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Dr Brian Haman

Postdoctoral Associate Fellow Dr Brian Haman 上海

Email: B dot C dot Haman at warwick dot ac dot uk

Humanities Building
University Road
University of Warwick
Coventry CV4 7AL

About

Brian Haman is currently a Postdoctoral Associate Fellow in German. Whilst at Warwick, he has completed a PhD in German Studies (Romanticism), an MA in English Literature (Romanticism), and has been an Early Career Fellow with the Institute of Advanced Study as well as a Humanities Research Centre Postgraduate Scholar. His doctoral research was funded in full through joint grants by the University of Warwick and the British government (Overseas Research Students Awards Scheme). Additional support was provided by the German Academic Exchange Service (DAAD) and the British Association for Romantic Studies (BARS).

Prior to coming to Warwick, Brian was a Fulbright Scholar to Austria in the field of art and architectural history, where he studied art history at the University of Vienna, engaged in independent research on Austrian modernist art, and taught English to Viennese secondary school students under the auspices of the Austrian Federal Ministry for Education, Arts and Culture.

A New York City native, he completed a BA in English, Philosophy, and German at Manhattan College under the supervision of Robert Kramer, a scholar and translator of Otto Rank, Mark Taylor, a noted Shakespearean scholar, and Alfred Dilascia, a leading expert on the political and philosophical ideas of Luigi Sturzo. Brian also worked at the Neue Galerie New York shortly after its 2001 inaugural opening, and it was during this time that he developed his interests in early twentieth-century Austrian and German art and architecture.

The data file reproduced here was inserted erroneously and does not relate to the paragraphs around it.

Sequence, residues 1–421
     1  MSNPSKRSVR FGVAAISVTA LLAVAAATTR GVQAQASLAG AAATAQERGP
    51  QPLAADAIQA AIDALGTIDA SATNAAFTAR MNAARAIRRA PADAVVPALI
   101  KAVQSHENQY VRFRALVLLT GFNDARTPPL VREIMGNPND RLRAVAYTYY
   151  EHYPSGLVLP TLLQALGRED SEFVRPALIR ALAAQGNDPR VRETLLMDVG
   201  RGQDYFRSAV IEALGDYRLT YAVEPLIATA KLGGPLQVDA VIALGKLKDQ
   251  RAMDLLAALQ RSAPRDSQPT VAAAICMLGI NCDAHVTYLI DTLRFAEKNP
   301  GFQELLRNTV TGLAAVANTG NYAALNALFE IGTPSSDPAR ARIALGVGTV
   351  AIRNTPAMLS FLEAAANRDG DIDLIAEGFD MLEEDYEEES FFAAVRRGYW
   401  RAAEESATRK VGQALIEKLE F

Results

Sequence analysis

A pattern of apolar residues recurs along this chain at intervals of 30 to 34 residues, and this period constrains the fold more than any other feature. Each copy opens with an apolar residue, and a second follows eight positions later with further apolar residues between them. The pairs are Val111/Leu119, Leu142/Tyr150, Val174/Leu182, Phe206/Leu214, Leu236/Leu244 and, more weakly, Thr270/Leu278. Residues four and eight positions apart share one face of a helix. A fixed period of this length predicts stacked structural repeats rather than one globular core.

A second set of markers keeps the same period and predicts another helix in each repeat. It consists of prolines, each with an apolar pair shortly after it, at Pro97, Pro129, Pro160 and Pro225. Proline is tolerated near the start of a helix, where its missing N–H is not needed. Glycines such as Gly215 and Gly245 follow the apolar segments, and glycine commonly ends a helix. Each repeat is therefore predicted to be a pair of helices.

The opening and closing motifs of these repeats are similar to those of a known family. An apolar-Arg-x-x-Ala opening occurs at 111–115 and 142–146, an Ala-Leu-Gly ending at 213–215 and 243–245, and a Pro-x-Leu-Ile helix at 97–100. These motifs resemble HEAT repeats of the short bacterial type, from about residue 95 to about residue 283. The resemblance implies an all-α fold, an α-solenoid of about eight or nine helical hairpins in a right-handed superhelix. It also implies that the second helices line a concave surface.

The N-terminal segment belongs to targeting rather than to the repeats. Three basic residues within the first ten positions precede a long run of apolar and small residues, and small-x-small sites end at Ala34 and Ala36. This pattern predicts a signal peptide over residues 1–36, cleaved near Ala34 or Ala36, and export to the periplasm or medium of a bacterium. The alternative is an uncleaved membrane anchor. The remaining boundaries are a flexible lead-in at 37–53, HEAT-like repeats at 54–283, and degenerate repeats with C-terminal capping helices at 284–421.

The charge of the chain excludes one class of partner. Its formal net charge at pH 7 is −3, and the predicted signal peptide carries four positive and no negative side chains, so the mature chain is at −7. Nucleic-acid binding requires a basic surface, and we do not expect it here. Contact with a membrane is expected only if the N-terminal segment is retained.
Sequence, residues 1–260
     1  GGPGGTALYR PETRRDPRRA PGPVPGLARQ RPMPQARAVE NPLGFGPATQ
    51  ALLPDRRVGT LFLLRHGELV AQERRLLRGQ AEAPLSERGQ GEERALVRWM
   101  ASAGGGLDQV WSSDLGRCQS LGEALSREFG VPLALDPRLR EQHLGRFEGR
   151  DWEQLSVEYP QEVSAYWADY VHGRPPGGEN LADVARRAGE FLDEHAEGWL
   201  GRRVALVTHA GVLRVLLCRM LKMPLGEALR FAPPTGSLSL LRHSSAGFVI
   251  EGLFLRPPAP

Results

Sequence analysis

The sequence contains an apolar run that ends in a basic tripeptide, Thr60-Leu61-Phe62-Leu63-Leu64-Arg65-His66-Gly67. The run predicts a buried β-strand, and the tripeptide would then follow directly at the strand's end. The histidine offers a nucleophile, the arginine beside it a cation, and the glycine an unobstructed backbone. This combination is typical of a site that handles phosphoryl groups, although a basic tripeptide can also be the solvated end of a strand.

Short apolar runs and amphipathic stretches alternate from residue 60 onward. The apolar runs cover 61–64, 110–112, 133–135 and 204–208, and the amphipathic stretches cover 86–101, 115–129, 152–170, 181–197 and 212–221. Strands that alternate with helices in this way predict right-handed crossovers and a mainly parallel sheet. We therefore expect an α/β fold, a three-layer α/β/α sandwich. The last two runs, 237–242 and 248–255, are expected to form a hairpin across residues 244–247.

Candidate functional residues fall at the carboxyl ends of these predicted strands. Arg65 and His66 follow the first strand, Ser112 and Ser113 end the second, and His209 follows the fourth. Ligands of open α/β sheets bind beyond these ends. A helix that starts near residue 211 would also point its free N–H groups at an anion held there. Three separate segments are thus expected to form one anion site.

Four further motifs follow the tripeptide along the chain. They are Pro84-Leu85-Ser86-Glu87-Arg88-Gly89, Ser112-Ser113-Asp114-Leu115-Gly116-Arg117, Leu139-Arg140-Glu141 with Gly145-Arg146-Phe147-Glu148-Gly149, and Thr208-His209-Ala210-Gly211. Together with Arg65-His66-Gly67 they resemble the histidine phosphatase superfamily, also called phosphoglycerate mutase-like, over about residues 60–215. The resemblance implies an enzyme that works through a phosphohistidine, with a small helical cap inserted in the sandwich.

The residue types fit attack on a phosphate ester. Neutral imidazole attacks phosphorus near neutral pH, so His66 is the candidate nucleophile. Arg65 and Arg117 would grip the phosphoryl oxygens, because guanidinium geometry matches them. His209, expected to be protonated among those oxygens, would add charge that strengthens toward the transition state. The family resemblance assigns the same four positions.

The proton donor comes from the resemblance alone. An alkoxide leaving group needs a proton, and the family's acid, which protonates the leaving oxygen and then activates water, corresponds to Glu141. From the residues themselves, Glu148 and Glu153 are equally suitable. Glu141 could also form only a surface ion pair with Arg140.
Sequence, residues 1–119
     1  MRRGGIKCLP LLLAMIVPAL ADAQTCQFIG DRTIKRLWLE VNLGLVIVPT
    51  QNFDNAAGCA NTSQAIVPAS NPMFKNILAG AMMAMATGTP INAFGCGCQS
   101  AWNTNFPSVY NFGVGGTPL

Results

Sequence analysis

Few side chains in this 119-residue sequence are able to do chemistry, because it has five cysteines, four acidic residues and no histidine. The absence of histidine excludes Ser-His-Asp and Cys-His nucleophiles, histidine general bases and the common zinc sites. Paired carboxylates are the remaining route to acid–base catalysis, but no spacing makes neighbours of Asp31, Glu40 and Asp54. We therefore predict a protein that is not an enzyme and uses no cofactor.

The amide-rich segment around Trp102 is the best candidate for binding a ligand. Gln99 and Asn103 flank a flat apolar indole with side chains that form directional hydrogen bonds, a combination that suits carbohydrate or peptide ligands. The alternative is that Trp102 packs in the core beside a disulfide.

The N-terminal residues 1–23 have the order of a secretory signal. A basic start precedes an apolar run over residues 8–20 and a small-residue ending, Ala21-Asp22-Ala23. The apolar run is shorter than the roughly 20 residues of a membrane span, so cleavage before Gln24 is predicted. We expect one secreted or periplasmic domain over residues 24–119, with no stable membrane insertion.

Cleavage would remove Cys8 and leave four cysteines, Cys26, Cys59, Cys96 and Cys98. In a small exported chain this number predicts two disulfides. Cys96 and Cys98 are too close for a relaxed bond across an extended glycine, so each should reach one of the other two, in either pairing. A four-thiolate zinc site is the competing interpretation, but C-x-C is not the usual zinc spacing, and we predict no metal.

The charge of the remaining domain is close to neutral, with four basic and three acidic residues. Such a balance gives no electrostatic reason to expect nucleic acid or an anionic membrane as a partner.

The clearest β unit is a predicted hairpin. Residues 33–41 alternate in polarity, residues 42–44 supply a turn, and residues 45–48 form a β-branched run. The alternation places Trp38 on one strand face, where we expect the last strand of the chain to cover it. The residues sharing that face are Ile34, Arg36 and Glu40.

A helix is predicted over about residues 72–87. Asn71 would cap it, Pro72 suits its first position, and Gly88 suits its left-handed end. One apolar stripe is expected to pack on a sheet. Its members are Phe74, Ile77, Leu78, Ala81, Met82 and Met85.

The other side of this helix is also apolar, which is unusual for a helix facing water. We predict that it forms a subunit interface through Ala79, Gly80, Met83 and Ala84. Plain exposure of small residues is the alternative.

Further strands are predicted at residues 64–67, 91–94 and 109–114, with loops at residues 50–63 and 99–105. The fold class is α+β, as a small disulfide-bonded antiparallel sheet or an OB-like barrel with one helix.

Practicing poet, sometime translator, political activist, and avid traveller, his non-academic interests are numerous.

Current Research

Brian is currently working on a book project that examines the journey motif in German romantic culture around 1800. Expanding Lacoue-Labarthe and Nancy’s insistence on the centrality of the transcendental subject for the Jena romantics in their aesthetic transformation of philosophical ideas, the monograph identifies the journey motif as a recurrent narrative element of the Jena constellation (Hardenberg, Tieck, F. Schlegel) as well as those on its margins (Hölderlin, Richter, Günderrode, Schiller) and thereby underscores the productive interface between literature and philosophy across various genres (novel, shorter prose fiction, and poetry).

His additional projects include re-evaluations of canonical texts of German romanticism as well as research on lesser-known ones, and he has published in Monatshefte, Modern Language Review, and caa.reviews.


Research Interests

German romanticism; Kant and post-Kantian European philosophy; German idealism; British romanticism; European Enlightenment; philosophy and literature; parody and satire; German and Austrian emigrés

Teaching

GE 109: Aspects of German Culture in the Age of Enlightenment

PH 107: Problems in Philosophy and Literature


Qualifications

PhD German Studies (Warwick)

MA English Literature (Warwick)

BA English, Philosophy, German (Manhattan College)